*Earlier this month Edward Winkleman posted on the crisis in the arts funding landscape, which we discussed in our podcast for Art21 this month. As always Winkleman’s take on the issue, along with the ensuing comments, are well-worth reading.
In my book, this is a must-see. NY avant-gallerists Triple Candie lecture at Gallery 400 tonight! Here are the details:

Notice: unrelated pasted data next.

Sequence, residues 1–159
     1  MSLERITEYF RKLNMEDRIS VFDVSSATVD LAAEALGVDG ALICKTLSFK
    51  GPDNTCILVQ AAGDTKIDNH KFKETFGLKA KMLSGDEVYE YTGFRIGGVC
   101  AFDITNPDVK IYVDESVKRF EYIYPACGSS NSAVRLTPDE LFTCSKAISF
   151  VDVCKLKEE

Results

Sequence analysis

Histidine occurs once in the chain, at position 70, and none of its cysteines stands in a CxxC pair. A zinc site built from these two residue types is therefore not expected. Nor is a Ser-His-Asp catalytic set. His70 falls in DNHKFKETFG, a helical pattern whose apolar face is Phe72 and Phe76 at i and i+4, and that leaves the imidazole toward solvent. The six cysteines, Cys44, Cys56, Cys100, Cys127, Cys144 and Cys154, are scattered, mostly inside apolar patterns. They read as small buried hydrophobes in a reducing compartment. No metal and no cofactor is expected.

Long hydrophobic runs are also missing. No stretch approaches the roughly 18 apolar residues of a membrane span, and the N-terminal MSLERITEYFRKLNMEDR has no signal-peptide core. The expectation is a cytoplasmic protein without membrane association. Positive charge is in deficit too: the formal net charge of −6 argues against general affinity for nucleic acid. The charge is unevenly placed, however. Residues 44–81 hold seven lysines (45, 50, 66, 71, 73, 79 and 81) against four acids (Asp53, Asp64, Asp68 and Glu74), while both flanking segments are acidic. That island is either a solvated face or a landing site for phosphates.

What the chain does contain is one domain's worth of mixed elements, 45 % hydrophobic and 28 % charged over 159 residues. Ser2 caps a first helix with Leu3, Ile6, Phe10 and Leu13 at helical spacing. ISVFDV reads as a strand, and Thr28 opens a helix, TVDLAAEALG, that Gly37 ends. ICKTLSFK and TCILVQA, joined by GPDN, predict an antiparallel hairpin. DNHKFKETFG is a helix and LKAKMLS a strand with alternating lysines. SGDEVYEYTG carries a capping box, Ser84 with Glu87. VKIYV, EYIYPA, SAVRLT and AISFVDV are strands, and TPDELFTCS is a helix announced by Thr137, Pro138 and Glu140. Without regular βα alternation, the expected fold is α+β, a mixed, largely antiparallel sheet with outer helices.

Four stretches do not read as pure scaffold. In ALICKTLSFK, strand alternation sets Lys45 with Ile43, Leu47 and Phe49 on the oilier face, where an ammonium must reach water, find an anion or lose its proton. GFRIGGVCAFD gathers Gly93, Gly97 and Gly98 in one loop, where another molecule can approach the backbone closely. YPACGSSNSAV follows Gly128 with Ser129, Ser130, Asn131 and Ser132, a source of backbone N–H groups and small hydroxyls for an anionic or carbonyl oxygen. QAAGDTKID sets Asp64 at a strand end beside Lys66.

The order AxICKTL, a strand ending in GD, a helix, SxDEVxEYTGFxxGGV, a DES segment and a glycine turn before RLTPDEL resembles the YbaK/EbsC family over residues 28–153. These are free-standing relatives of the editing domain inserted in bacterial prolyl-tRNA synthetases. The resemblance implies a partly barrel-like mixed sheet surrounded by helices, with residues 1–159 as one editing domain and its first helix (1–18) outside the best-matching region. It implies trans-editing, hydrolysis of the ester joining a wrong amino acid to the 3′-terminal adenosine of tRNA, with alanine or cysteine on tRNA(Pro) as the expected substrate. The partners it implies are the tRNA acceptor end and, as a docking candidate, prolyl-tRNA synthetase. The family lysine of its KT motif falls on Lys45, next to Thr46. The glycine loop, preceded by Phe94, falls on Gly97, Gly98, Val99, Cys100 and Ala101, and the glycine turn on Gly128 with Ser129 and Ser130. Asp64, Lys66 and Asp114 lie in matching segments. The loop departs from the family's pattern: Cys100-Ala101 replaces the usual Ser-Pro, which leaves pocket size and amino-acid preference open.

Shelly Bancroft and Peter Nesbett co-founded and have served as co-directors of Triple Candie, a not-for-profit contemporary art venue in Harlem, since 2001. Triple Candie is a place-based, research-oriented gallery that produces exhibitions about art but largely devoid of it. A typical exhibition consists of reproductions, surrogates, models, stage-sets, or common objects that are displayed using a combination of rhetorical devices. Given their ephemeral nature, frequent use of historical subjects, and lack of any obvious artist-agent, Triple Candie’s exhibitions have often been referred to as “curatorial performances.” Bancroft and Nesbett live in New York City. Triple Candie was highlighted as one of twenty-five worldwide trendsetters in the September 2007 issue of ARTnews. They were co-publishers of the award-winning Art on Paper magazine until 2004. Bancroft holds a master’s degree in contemporary art history from the University of Washington, Seattle and a bachelor’s degree in painting from Michigan State University. Nesbett holds a post-master’s certificate from the Institute for Not-for- Profit Management at Columbia University, a master’s degree in art history from University of Washington, Seattle, and a bachelor’s degree in visual studies from Cornell University.